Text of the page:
Maco is committed to minimizing the negative impact on the local environment and communities by promoting environmental practices and policies aimed to protect each region. Our artisans make their crafts from raw materials locally source from the bounty of our country. One of the most common materials are hemp and palm tree fibers. Hemp has recently become a popular alternative to other materials such as plastic, around the world for its durability and reusable nature. However, Colombian indigenous communities have been using hemp for centuries. It grows well and plenty in the countries climate and the indigenous people of Colombian have known how to turn it into fiber and then weave it beautifully for generations. It is not mass-cropped by huge corporations and then sold to large businesses. It is a plant that grows naturally in our artisans backyards where they maintain what they need and nothing more.
Palm tree fiber is a good material because it can be found in much of the country since different kinds of palm trees grow in different regions. From the beaches of the Caribbean and the Choco region to the rolling hills of Antioquia and Nariño this is another example of a natural resource that is not overproduced or overcropped because it is use within capacity by people like the artisans we work with. It also makes for beautiful bags, hats, and home decor.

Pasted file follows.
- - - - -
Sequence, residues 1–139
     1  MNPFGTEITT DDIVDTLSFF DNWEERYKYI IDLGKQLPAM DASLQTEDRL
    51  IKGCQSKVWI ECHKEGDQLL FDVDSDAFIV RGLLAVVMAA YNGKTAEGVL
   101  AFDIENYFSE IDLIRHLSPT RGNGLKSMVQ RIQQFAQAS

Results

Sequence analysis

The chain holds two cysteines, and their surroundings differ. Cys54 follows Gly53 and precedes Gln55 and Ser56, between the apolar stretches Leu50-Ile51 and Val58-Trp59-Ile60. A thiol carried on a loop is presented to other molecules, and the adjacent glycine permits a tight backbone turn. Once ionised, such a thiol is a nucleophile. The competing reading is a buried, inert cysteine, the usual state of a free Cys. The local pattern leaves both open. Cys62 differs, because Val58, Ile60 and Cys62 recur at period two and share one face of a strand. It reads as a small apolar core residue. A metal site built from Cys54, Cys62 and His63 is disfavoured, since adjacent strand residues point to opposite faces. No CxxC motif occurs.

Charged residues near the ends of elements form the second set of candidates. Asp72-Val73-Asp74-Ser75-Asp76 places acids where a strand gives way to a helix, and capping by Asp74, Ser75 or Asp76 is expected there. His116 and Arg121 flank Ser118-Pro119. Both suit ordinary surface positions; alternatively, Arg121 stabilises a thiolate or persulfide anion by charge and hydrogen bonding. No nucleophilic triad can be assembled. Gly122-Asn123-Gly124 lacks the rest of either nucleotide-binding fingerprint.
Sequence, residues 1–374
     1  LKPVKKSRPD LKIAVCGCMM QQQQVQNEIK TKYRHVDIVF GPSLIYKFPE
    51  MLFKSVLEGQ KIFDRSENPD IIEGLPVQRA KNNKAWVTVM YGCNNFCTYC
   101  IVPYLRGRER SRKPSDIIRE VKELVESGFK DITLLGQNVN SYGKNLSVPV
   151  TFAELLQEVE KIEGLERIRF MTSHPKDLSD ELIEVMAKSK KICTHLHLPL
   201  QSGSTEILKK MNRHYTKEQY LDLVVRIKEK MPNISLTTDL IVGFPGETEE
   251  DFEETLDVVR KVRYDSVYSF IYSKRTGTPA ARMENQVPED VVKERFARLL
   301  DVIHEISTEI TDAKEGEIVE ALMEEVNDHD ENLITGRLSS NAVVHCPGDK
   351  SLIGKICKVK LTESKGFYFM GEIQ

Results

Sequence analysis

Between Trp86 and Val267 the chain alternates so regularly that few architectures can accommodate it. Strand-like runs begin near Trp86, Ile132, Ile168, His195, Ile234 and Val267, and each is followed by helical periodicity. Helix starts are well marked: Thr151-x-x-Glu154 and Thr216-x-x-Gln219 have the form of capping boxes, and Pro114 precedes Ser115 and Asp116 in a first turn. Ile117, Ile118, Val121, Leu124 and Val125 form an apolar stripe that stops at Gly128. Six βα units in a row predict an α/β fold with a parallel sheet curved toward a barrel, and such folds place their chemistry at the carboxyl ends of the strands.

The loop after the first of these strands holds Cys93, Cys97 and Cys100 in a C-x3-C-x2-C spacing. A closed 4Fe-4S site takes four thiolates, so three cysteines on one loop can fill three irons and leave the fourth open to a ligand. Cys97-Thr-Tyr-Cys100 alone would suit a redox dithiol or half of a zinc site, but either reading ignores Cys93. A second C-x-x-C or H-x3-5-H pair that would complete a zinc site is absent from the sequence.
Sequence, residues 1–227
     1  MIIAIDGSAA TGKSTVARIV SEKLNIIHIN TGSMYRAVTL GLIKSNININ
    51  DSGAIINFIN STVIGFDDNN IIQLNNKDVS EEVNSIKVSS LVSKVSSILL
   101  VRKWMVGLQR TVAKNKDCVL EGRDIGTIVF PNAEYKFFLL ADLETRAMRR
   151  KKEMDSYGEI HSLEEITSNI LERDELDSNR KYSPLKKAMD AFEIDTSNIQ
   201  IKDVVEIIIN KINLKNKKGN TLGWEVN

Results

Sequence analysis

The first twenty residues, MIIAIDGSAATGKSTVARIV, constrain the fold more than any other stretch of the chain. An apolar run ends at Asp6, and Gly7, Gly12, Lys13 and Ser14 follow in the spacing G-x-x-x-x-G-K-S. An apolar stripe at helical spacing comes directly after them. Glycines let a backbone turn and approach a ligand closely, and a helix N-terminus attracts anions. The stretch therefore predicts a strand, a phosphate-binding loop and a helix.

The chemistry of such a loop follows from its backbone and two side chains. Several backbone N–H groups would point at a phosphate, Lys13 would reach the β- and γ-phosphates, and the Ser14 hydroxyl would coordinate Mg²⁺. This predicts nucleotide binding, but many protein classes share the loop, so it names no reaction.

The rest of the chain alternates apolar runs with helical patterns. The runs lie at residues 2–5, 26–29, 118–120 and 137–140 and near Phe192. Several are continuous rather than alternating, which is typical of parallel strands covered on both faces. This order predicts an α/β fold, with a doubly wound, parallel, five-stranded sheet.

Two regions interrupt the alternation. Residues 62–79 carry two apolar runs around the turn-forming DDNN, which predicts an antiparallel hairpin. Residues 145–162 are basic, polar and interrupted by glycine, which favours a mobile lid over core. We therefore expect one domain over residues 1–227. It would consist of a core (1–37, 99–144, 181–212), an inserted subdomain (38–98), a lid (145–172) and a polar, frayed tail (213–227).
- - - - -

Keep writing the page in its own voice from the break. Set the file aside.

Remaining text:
Fruits and plants juices are used to dyed fibers and give the crafts their color. Tahua seeds and other seeds are frequently use as bottoms for the bags and baskets. It is important to keep in mind that part of the artisans process is procuring their raw materials directly from their environment, preparing them by separating the fibers and then drying and dyeing them to begin the process of making the craft. It is all done personally and by hand. These processes might take days or months depending on the size of the craft and its elaboration. This is the reason why these products can't (shouldn't) be mass produced and the reason why each piece is a work of art and the product of incredible dedication and inspiration.
Some of the bags such as the Arhuaca and the Misak are weaved out of untreated wool from local sheep that the indigenous communities who inhabited the mountains of Sierra Nevada and Cauca respectively raise as sources of prime materials. It is important to visualize these crafters' process of raising the sheep, shearing them and preparing the wool to weave their mochilas and most of the garments needed to survive the inclement weather of the mountains.